Aga Khan palace has Italian arches and spacious lawns. The building comprises five halls. It covers an area of 19 acres (77,000 m2), out of which 7 acres (28,000 m2) is the built up area. The palace captivates the eye of a spectator with its magnificence and picturesque architecture. It took 5 years and an estimated budget of 1.2 million (US$15,000) to complete this Palace. The area of the ground floor is 1756 m2, that of the first floor is 1080 m2, whereas the second floor has a construction of 445 m2. The speciality of this structure is its corridor of 2.5 meters around the entire building. Prince Karim Aga Khan donated this palace to Gandhi Smarak Samithi in 1972 and since then Parks and Gardens organisation is maintaining it.

The palace archives a number of photos and portraits depicting glimpses from the life of Mahatma Gandhi and other personalities of the Indian freedom struggle.[8]

This palace is also the headquarters of the Gandhi National Memorial Society.[9] It also hosts a shop that deals in khaadi and other hand loomed textiles.[10]

Activities organised at the palace Edit

Gandhi Memorial society celebrates the following public functions at the palace:

Other than yearly events, morning prayer sessions are held daily at the samadhi since decades. The prayer draws huge crowds everyday, and the number goes up threefold on 2 October as people visit the place to pay tribute to Mahatma Gandhi.[11]

Gallery Edit

Aga Khan Palace as viewed from the left rear side
Panoramic view from the palace

See also Edit

References Edit

  1. ^ a b Suryawanshi, Sudhir (1 February 2012). "State govt to set up special cell to preserve heritage structures". DNA India via HighBeam Research. Archived from the original on 19 October 2017. Retrieved 12 May 2012.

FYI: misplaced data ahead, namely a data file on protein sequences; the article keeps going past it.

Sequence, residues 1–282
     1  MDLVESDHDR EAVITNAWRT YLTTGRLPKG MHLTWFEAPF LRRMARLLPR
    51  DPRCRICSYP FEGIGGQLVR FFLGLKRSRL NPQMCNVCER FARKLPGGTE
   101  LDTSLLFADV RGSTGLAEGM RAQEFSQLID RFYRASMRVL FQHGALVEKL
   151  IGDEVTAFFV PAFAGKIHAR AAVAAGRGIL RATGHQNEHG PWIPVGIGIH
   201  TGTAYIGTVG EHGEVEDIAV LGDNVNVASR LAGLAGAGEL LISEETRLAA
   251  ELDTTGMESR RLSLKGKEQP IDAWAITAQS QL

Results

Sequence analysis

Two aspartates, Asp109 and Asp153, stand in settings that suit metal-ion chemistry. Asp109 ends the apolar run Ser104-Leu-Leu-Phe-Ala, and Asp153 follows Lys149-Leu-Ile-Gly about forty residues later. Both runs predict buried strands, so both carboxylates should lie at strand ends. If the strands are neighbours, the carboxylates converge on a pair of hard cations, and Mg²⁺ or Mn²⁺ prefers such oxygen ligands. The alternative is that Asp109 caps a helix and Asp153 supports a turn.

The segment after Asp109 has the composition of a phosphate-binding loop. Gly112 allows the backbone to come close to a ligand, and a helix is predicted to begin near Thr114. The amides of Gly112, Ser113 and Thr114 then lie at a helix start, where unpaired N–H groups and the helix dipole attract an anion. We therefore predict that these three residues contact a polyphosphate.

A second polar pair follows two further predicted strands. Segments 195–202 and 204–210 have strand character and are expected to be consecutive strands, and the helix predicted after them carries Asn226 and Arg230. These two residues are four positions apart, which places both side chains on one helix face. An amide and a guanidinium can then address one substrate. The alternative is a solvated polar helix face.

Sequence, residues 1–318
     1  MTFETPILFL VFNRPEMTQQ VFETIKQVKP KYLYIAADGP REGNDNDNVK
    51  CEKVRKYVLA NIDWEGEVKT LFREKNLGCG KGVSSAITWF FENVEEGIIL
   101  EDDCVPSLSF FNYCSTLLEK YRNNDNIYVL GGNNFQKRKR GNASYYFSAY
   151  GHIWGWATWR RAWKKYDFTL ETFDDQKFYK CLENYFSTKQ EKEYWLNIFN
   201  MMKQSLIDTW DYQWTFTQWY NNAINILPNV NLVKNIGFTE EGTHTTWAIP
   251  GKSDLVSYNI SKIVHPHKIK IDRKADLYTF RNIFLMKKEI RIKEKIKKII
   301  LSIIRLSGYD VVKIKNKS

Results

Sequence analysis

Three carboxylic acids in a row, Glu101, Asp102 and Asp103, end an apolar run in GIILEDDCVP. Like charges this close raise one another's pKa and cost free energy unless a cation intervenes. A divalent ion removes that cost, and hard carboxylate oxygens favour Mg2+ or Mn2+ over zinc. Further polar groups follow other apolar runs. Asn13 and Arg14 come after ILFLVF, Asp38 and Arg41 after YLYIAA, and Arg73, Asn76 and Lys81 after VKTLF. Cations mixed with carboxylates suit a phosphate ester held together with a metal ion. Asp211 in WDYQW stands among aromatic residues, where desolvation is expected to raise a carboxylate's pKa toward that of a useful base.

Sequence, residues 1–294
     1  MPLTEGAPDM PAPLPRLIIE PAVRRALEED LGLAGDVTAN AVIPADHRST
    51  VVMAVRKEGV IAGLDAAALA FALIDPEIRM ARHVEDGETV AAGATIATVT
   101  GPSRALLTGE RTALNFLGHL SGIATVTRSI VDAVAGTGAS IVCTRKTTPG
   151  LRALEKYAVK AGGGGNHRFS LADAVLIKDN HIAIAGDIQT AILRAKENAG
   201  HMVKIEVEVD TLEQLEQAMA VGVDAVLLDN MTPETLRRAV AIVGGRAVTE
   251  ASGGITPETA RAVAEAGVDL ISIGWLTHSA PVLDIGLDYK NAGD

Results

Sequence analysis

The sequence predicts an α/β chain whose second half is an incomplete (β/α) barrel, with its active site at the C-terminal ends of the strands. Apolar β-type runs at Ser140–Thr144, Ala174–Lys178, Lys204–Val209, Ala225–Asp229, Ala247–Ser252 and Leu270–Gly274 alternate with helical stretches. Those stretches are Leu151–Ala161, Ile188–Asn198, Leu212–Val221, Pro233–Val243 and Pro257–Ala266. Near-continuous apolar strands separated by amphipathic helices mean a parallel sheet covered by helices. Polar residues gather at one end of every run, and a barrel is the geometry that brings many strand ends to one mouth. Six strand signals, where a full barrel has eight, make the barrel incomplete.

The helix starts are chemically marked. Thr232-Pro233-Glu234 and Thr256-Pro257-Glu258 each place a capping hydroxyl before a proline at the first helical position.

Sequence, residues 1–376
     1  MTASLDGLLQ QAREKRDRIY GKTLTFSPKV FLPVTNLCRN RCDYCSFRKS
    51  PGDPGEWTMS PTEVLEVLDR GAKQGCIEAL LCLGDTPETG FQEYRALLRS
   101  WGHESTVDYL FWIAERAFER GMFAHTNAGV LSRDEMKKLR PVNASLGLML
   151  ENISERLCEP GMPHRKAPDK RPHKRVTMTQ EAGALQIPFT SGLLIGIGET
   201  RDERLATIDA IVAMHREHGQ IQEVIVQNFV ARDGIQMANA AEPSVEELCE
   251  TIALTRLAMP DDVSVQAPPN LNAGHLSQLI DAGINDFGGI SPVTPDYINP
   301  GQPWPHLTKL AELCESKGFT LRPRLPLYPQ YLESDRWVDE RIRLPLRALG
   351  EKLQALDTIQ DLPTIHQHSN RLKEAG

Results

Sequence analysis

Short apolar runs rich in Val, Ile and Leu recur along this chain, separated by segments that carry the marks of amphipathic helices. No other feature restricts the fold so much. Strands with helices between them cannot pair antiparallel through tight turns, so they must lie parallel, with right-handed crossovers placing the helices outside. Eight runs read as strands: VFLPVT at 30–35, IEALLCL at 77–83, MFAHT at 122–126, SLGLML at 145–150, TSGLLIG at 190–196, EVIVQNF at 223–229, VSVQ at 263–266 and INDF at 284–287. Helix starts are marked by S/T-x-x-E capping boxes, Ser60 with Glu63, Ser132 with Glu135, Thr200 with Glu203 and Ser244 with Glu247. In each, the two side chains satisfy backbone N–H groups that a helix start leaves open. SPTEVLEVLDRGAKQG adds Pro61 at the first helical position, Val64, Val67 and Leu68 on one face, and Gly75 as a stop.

2. ^ "The Aga Khan Palace". Unacademy. Retrieved 14 December 2022.
  3. ^ a b "Respecting our legacy". Deccan Herald. 29 April 2012. Archived from the original on 24 December 2018. Retrieved 10 May 2012.
  4. ^ "On Gandhi Heritage Sites list, Aga Khan Palace, Yerawada jail". The Indian Express. 5 September 2010. Retrieved 10 May 2012.
  5. ^ "Aga Khan Palace History". Archived from the original on 4 May 2012. Retrieved 9 May 2012.
  6. ^ Deshmukh, Vinita (16 July 1999). "In Shiv shahi, Aga Khan Palace has no place?". The Indian Express. Pune. Archived from the original on 23 February 2001. Retrieved 10 May 2012.
  7. ^ "Congress flays State Govt for neglect of Aga Khan palace". The Indian Express. Pune. 17 July 1999. Archived from the original on 27 September 2022. Retrieved 10 May 2012.
  8. ^ Times News Network (1 May 2004). "Paint job 'taints' historic photos". The Times of India. Pune. Archived from the original on 8 July 2012. Retrieved 12 May 2012.
  9. ^ Aga Khan Palace Archived 9 May 2010 at the Wayback Machine Retrieved 10 May 2012.
  10. ^ "Try these places". India Today. 15 February 2012. Archived from the original on 22 May 2012. Retrieved 22 May 2012.
  11. ^ "Following the Mahatma". The Indian Express. 2 October 2009. Archived from the original on 27 September 2022. Retrieved 10 May 2012.

External links Edit